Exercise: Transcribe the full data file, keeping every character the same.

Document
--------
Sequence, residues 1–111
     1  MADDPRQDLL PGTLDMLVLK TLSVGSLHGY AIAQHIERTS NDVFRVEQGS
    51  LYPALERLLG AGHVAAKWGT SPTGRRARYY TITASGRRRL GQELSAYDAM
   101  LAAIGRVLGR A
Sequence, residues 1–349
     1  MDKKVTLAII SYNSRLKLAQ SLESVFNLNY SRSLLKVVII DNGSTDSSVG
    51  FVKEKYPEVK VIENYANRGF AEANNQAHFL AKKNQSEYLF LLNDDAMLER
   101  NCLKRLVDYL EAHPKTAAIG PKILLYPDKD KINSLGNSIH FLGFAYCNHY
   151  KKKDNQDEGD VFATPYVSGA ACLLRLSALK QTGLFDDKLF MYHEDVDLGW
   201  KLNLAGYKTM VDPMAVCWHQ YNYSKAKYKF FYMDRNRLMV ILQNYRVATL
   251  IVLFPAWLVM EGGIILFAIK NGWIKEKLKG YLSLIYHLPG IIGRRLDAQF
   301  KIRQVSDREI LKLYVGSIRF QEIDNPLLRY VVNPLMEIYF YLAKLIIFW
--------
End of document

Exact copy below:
Sequence, residues 1–111
     1  MADDPRQDLL PGTLDMLVLK TLSVGSLHGY AIAQHIERTS NDVFRVEQGS
    51  LYPALERLLG AGHVAAKWGT SPTGRRARYY TITASGRRRL GQELSAYDAM
   101  LAAIGRVLGR A
Sequence, residues 1–349
     1  MDKKVTLAII SYNSRLKLAQ SLESVFNLNY SRSLLKVVII DNGSTDSSVG
    51  FVKEKYPEVK VIENYANRGF AEANNQAHFL AKKNQSEYLF LLNDDAMLER
   101  NCLKRLVDYL EAHPKTAAIG PKILLYPDKD KINSLGNSIH FLGFAYCNHY
   151  KKKDNQDEGD VFATPYVSGA ACLLRLSALK QTGLFDDKLF MYHEDVDLGW
   201  KLNLAGYKTM VDPMAVCWHQ YNYSKAKYKF FYMDRNRLMV ILQNYRVATL
   251  IVLFPAWLVM EGGIILFAIK NGWIKEKLKG YLSLIYHLPG IIGRRLDAQF
   301  KIRQVSDREI LKLYVGSIRF QEIDNPLLRY VVNPLMEIYF YLAKLIIFW